12. “Indiscretions of Archie” (1921)
“I seem to keep finding, or I keep seeming to find, trace elements of Doyle in the Wodehouse formulations. I sense a distinct similarity, in patterns and rhythms, between the adventures of Jeeves as recorded by Bertie Wooster and the adventures of Sherlock Holmes as recorded by Dr. Watson ….”
So states Richard Usborne in his PLUM SAUCE: A P. G. WODEHOUSE COMPANION (2002).
He goes on:
“The high incidence of crime in the Wodehouse farces, especially the Bertie/Jeeves ones, may be an echo of the Sherlock Holmes stories, too — blackmail, theft, revolver shots in the night (SOMETHING FRESH), airgun shots by day (‘The Crime Wave at Blandings’), butlers in dressing-gowns, people climbing in at bedroom windows, people dropping out of bedroom windows, people hiding in bedroom cupboards, the searching of bedrooms for missing manuscripts, cow-creamers and pigs. I am not accusing Wodehouse of having concocted his stories deliberately on Doyle’s lines; I am saying that, of all the authors to whom Wodehouse’s debt shows itself, Doyle is second only to W. S. Gilbert. And Wodehouse would gladly have acknowledged both debts.”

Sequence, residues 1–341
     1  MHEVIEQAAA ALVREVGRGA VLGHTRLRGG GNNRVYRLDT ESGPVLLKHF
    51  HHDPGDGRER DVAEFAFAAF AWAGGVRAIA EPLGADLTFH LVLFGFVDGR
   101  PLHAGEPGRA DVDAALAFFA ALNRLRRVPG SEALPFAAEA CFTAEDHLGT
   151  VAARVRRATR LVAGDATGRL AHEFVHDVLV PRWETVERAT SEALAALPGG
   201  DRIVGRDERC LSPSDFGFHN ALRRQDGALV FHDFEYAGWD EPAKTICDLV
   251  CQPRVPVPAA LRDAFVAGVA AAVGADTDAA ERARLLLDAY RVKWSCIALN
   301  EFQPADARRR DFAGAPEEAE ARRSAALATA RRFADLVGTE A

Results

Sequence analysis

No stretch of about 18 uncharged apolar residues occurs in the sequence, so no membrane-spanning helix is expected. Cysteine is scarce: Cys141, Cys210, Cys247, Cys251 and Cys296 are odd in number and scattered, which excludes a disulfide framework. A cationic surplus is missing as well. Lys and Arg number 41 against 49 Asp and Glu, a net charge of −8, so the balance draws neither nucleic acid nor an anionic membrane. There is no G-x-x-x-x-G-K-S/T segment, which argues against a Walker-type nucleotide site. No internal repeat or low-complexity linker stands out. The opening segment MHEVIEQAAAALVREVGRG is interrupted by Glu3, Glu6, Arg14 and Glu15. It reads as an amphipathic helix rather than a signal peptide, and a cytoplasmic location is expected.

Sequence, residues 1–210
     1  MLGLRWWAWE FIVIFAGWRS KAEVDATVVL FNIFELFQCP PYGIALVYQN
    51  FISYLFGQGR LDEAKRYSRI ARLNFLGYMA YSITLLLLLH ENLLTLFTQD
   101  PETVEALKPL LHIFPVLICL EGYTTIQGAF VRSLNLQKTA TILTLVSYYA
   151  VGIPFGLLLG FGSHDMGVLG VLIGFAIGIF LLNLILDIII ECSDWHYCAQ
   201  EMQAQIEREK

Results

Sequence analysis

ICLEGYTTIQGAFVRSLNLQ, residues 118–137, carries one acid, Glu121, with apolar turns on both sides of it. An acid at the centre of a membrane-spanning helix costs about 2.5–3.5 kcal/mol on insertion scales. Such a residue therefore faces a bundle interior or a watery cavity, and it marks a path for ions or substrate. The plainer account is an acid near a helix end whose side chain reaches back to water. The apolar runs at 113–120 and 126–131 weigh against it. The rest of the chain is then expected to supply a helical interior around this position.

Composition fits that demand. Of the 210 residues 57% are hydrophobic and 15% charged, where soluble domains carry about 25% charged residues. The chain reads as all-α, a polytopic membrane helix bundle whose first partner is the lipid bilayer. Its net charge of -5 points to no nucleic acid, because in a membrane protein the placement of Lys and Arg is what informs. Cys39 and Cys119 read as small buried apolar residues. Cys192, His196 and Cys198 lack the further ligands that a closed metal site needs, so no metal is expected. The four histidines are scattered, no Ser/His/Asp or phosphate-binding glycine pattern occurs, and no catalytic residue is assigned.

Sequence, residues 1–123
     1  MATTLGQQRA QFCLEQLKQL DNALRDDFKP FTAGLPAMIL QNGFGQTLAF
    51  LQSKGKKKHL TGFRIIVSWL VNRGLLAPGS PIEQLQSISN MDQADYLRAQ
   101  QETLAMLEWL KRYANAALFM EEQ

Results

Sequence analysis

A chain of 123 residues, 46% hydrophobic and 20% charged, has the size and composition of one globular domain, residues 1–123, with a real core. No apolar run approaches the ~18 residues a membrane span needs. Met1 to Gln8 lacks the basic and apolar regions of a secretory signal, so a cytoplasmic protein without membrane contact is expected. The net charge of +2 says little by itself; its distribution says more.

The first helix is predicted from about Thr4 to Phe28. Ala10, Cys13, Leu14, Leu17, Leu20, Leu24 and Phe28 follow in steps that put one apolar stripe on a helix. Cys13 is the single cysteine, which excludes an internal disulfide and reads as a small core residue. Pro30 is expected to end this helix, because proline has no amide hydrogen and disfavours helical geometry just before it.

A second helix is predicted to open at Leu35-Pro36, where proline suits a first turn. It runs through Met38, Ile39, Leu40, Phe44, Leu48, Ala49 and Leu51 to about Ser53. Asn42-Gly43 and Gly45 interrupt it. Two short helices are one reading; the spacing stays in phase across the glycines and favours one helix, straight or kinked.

That bears repeating: “Doyle is second only to W. S. Gilbert” as an influence on the foremost humorist of the twentieth century.
Wodehouse admitted as much to a biographer. He “recalled the excitement of waiting for new issues of THE STRAND MAGAZINE on Dulwich station” containing the latest Holmes adventures.
Another of Wodehouse’s characters was Psmith (pronounced “smith”). Usborne writes that one of the “strongest influences in the rhythms and locutions of the Psmith language was Conan Doyle’s Sherlock Holmes stories …. Wodehouse’s first major conversational parodist, Psmith, is constantly echoing Sherlock Holmes (indeed, the Holmes ‘Valley of Fear‘ influence probably to some extent suggested the plot of PSMITH JOURNALIST). Psmith has verbal ‘lifts’ from Sherlock Holmes, with direct quotations of words and copying of manner,” and Usborne produces several examples from the Psmiths and the Jeeves and Woosters.